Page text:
How to Get a Better Response to Your RSVP Request

Bee Our Guest poster
C. Gauvreau

There's a lot of reasons you want people to respond to your party invitations. Maybe you need to give a head count to the party venue or plan enough food for your party at home. Perhaps you wanted to personalize the favors. No matter the reason, placing an RSVP note on an invitation means you expect a response. Since you were courteous enough to invite someone, they should return that kindness with a simple reply.

It's not always that easy. There are always going to be parents who don’t RSVP just because they can’t be bothered. Other parents may not have even seen the invite. Some parents may not actually understand what RSVP means.

So, what’s a party-planning, I-really-need-a-head-count parent to do? The truth is, other than to only invite the kids for whom you have some kind of contact information; there isn’t a surefire way to guarantee an RSVP from every invitee. There are, however, a few methods you can try to help encourage a better response.

Include Digital Response Choices

The more options you can give parents the better. Many folks feel awkward calling someone they don’t know to turn down a party invitation. By adding a less personal option allowed some a chance to avoid an awkward conversation yet still RSVP.

It seems that the more options you provide for responding electronically, the more likely you are to collect more replies, so go ahead and add an email and text option to your invitations.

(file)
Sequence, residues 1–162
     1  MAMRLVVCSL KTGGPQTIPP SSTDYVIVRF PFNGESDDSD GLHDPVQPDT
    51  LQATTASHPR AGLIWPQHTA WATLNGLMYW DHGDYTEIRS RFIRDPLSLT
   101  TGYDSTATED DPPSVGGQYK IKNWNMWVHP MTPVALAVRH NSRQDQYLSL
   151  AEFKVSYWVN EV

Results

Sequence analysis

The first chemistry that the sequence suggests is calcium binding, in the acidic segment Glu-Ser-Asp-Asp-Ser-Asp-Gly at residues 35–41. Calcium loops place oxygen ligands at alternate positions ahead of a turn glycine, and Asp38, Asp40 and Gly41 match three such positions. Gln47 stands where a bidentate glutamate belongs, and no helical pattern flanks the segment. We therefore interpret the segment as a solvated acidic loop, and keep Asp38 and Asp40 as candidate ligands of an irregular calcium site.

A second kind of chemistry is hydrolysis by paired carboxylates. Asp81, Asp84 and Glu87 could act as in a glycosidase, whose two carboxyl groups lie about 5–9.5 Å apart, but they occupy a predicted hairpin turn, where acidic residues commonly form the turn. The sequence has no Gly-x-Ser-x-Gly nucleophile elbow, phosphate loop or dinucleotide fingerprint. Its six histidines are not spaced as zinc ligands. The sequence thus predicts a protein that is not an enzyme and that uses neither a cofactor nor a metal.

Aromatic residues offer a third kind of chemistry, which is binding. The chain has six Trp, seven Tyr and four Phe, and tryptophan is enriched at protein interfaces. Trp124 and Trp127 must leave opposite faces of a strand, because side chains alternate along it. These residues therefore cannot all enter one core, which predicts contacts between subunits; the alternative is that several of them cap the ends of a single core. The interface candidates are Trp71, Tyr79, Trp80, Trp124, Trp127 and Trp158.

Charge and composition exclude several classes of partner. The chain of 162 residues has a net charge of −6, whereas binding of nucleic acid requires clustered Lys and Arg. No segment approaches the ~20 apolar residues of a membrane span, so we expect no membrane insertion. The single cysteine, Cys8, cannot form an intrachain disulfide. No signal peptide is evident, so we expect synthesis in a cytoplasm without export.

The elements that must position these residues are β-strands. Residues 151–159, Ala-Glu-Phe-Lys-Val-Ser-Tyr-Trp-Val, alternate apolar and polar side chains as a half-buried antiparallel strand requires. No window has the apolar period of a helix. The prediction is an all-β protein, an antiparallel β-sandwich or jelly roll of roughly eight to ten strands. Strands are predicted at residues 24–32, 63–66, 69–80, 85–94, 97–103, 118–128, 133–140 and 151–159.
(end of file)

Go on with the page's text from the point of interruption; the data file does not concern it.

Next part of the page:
Reverse the "Regrets Only"

The term “regrets only” on an invitation means simply that you don’t need to RSVP if you plan to come, but please call and let the hostess know if you can’t make it. Unfortunately, most folks seem to do the opposite: reply if they are coming and ignore the invitation if they are not.

Instead of using the term “regrets only,” why not add a note that says something like “RSVP only if you plan to attend. All non-responses will be considered a no.” Since this is what most people do anyway, it’s an efficient way to clarify that someone who doesn’t call should not show up anyway on the day of the party.

Yes, this could come off as rude but planning a party for a large group of kids is difficult enough without having the lingering question of whether 16 people who never replied are going to show up at the last minute and create a shortage of birthday cake. If your event is being held at a kids’ party venue, indicate in your note that the venue is requiring an accurate headcount by a certain date and won't be able to accommodate more than is accounted for.

Give Them a Reason to Reply

You may not be able to entice everyone to respond, but you can fish out a few responses by adding notes about why you need a response (other than the obvious headcount). For instance, you could personalize the birthday party favors. If you do, add a note that says, “Please respond with the correct spelling of your child’s name for personalized party favors.” This would encourage some of those last minute folks to make a commitment sooner and avoid showing up and having their kid be left out of the fun.

You could use this same strategy to indicate that you need an accurate response to make sure you have enough cupcakes or prizes for the party games. Sometimes, parents really don’t realize that the numbers matter when planning a birthday party, so there’s nothing wrong with gently pointing it out to them.

In the end, there really is no way to ensure every guest will respond in a timely manner (or at all), but a few of these strategies should encourage more of a reply than a standard “RSVP by 10/12” is likely to garner.